The odds are actually good that you'll someday be involved in what's known as a "no-contact" accident.
That's the type of car accident where you're suddenly forced to swerve off the road to avoid hitting another driver. You may end up hitting a guardrail or you may end up in ditch, for example, after swerving to avoid a driver who merged into your lane without looking. It's called a "no-contact" accident because you never make contact with the other car.
You may even suffer serious injuries from the force of your own car as it goes off the road (whether it hits anything or not). If you do, you have the right to ask for injury compensation -- although these cases can be difficult to pursue on your own.
In many cases, the other driver never stops. Some may be genuinely oblivious to the havoc they caused -- but most are simply eager to put a few miles between themselves and the accident they caused because they know the odds are good that they won't get caught. That will likely force you to file your claim against your own insurance company -- similar to the way that you would in an accident with an uninsured or under-insured motorist.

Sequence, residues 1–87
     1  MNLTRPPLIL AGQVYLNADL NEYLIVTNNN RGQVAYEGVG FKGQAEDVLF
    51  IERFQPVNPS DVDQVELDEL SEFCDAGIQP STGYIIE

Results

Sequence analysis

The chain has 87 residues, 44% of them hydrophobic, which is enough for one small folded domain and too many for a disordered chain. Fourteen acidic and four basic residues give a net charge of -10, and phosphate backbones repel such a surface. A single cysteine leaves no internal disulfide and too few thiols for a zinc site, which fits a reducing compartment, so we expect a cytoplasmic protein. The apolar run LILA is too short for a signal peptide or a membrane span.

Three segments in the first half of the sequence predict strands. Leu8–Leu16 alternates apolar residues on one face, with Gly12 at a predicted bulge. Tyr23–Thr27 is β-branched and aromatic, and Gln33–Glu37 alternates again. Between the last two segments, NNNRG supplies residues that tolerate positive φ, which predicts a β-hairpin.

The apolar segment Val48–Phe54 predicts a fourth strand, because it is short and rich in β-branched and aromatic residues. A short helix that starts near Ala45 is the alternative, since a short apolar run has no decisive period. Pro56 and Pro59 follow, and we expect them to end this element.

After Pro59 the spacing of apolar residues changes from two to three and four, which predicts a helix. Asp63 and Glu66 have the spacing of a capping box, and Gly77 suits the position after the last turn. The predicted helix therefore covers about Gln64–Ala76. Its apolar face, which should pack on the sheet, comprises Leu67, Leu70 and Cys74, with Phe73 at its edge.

To maximize your chances of a successful claim, take the following steps immediately after any no-contact accident:
- Try to snap a photo of the other car: If the other driver stops at all, don't assume that he or she is staying. Some drivers only stop because they haven't yet decided to flee. If you don't seem seriously injured, the driver may take off again. Grab your cellphone and take a few quick photos of the other car.
- Call the police as soon as possible: Call 911 and ask for someone to respond to the accident scene. You want to give the responding officer as much information as possible about the other car while it is still fresh in your mind.
- Ask eyewitnesses to give their statements: If anyone else stopped because they saw the accident, make sure that you get their name and contact information. This can reduce the chances that you'll be blamed later by the insurance company for your own wreck.
Many insurance companies hesitate to pay these kinds of claims because they suspect drivers of fabricating the tale of a phantom driver -- but persistence pays.
Source: thebalance.com, "Car Accident after Being Run Off the Road by Another Driver," Emily DelBridge, accessed June 14, 2018